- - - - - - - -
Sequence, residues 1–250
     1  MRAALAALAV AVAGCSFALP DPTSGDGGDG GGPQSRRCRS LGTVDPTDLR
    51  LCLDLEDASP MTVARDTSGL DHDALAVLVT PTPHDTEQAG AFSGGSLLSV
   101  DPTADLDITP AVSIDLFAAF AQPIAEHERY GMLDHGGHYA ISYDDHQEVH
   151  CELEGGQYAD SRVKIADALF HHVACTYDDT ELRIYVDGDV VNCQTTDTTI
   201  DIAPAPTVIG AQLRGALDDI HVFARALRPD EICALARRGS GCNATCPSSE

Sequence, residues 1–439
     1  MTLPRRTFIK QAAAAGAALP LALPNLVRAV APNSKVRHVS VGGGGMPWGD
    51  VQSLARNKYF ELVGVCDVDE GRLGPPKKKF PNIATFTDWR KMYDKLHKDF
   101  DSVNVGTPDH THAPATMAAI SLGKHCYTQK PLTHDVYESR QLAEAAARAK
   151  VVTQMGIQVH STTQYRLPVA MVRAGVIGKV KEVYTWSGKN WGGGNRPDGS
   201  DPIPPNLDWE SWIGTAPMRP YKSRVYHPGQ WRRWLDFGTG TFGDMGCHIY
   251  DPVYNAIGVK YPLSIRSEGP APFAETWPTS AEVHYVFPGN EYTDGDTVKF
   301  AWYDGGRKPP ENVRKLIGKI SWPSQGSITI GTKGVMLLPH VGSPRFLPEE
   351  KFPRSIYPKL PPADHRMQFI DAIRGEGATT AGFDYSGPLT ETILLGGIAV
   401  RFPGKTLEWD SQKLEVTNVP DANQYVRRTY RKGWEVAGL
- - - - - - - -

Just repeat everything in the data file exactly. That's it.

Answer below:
Sequence, residues 1–250
     1  MRAALAALAV AVAGCSFALP DPTSGDGGDG GGPQSRRCRS LGTVDPTDLR
    51  LCLDLEDASP MTVARDTSGL DHDALAVLVT PTPHDTEQAG AFSGGSLLSV
   101  DPTADLDITP AVSIDLFAAF AQPIAEHERY GMLDHGGHYA ISYDDHQEVH
   151  CELEGGQYAD SRVKIADALF HHVACTYDDT ELRIYVDGDV VNCQTTDTTI
   201  DIAPAPTVIG AQLRGALDDI HVFARALRPD EICALARRGS GCNATCPSSE

Sequence, residues 1–439
     1  MTLPRRTFIK QAAAAGAALP LALPNLVRAV APNSKVRHVS VGGGGMPWGD
    51  VQSLARNKYF ELVGVCDVDE GRLGPPKKKF PNIATFTDWR KMYDKLHKDF
   101  DSVNVGTPDH THAPATMAAI SLGKHCYTQK PLTHDVYESR QLAEAAARAK
   151  VVTQMGIQVH STTQYRLPVA MVRAGVIGKV KEVYTWSGKN WGGGNRPDGS
   201  DPIPPNLDWE SWIGTAPMRP YKSRVYHPGQ WRRWLDFGTG TFGDMGCHIY
   251  DPVYNAIGVK YPLSIRSEGP APFAETWPTS AEVHYVFPGN EYTDGDTVKF
   301  AWYDGGRKPP ENVRKLIGKI SWPSQGSITI GTKGVMLLPH VGSPRFLPEE
   351  KFPRSIYPKL PPADHRMQFI DAIRGEGATT AGFDYSGPLT ETILLGGIAV
   401  RFPGKTLEWD SQKLEVTNVP DANQYVRRTY RKGWEVAGL